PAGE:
TV Personality Montel Williams Launches ‘My MS: Second Act’
A little over 20 years ago, Montel Williams learned once and for all that he had multiple sclerosis (MS). But that determination should have happened long before then, said the well-known TV personality — who’s made fighting the neurodegenerative disease his life’s mission.
Williams, 63, was the star attraction at a New York event inaugurating “My MS: Second Act,” a joint effort co-sponsored by the Multiple Sclerosis Society of America (MSAA) and Novartis.
Also on hand were three MS patients who told their stories — Karen B., Mike O., and Faith A. — with coaching from The Moth, a New York-based nonprofit group.
“I don’t consider myself a patient. I’m a survivor,” said Williams, a former TV and radio talk-show host, actor, Naval officer, and now cannabis advocate, who in 2017 launched a line of marijuana products aimed at relieving the painful symptoms of MS.
But at this Oct. 23 gathering in New York, Williams wasn’t there to talk about cannabis.
“A lot of you know me because I was invited into your living room for 17 years on the Montel Williams Show,” he told an audience of about 100 people. “In 1980, while at the U.S. Naval Academy, I went blind in my left eye for seven months, which stopped me from graduating. I was one of the only graduates who threw his hat in the air but did not get commissioned.”
His vision later came back, but Williams was denied a chance in 1974 to pursue a degree in aviation because his eyesight had deteriorated. He ended up as an intelligence officer, “doing more sea time and combat than most of my peers did.”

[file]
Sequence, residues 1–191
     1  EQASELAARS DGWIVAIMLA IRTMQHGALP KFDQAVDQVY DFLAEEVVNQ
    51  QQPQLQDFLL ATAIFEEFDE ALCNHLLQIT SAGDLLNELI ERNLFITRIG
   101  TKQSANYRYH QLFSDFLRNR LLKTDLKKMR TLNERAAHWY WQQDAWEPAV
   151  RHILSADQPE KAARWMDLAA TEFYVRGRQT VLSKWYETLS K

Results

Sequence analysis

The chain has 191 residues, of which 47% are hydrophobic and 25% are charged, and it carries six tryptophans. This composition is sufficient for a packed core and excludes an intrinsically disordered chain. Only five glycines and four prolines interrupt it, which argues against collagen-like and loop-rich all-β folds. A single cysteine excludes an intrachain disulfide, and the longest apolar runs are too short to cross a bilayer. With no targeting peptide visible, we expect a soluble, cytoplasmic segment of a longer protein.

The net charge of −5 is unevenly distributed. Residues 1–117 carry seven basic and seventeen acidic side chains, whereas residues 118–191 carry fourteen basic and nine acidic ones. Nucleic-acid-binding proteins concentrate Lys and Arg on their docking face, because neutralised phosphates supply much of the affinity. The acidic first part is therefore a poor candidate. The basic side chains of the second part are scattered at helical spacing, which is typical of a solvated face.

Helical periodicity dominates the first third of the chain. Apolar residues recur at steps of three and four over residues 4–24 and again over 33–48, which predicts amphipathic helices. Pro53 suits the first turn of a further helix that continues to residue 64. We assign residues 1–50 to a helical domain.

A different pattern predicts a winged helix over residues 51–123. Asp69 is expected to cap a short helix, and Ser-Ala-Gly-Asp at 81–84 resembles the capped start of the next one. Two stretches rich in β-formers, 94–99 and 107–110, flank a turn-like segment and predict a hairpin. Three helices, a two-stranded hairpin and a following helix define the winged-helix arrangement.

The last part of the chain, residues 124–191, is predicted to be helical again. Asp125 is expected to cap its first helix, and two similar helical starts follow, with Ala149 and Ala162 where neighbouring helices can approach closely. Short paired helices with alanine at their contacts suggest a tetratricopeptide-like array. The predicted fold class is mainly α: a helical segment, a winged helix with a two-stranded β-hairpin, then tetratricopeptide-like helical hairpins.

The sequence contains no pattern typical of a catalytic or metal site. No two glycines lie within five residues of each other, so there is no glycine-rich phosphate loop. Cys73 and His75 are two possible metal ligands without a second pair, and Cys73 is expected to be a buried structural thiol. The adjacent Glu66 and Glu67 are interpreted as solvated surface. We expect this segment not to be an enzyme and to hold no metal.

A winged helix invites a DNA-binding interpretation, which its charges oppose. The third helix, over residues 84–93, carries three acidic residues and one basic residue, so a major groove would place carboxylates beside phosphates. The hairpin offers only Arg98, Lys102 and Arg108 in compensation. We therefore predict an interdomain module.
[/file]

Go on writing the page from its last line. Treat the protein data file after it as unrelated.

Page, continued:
“I continued my career, and over the course of the next 10 years while on active duty, every three or four months I would go back to the doctors because there was something wrong — usually a really weird feeling in my legs or feet,” he said. “They kept telling me to lose weight and that my back pain would go away.”
Ostracism, resentment, and shock
But Williams continued to decline, to the point where his feet felt like they were on fire.
“I went to see a doctor, and he told my ex-wife, ‘he looks like he has MS.’ That was on a Friday. On Saturday, he said to me, ‘you have MS.’ I had no idea what MS was. No one had ever used those words to me before.”
“He handed me some literature and said, ‘We don’t usually see this in an African-American male, and it’s the category that does the worst. I expect you to be in a wheelchair in the next four years.’ This doctor had the nerve to tell me this,” he said. “I almost literally picked him up and threw him out of the room.”
From that day on, Williams decided to learn everything he could about the disease. Twenty years after his diagnosis, he’s learned how to cope and thrive with MS, rather than succumb.
“It doesn’t make me any more special, but it’s given me the opportunity to share with so many others who also suffer from MS,” he said. “Every time I was able to share my story, I got feedback from people who said it made a difference in their lives.”
Williams said he was ostracized to some extent following his diagnosis.
“It wasn’t like I had changed that much from before the diagnosis. But I also realized that by not being alone, by talking about it and sharing my experiences with others, I found people in similar circumstances,” he said.
“Every single one of us who has this disease suffers differently. It was so important to have my family stand with me and help me in those times when I felt my journey was about to end.”
Focusing on the SPMS journey
Asked why the initiative is called “My MS: Second Act,” Williams said it is a reference to secondary progressive multiple sclerosis (SPMS), which follows relapsing-remitting multiple sclerosis (RRMS) in about four out of five cases.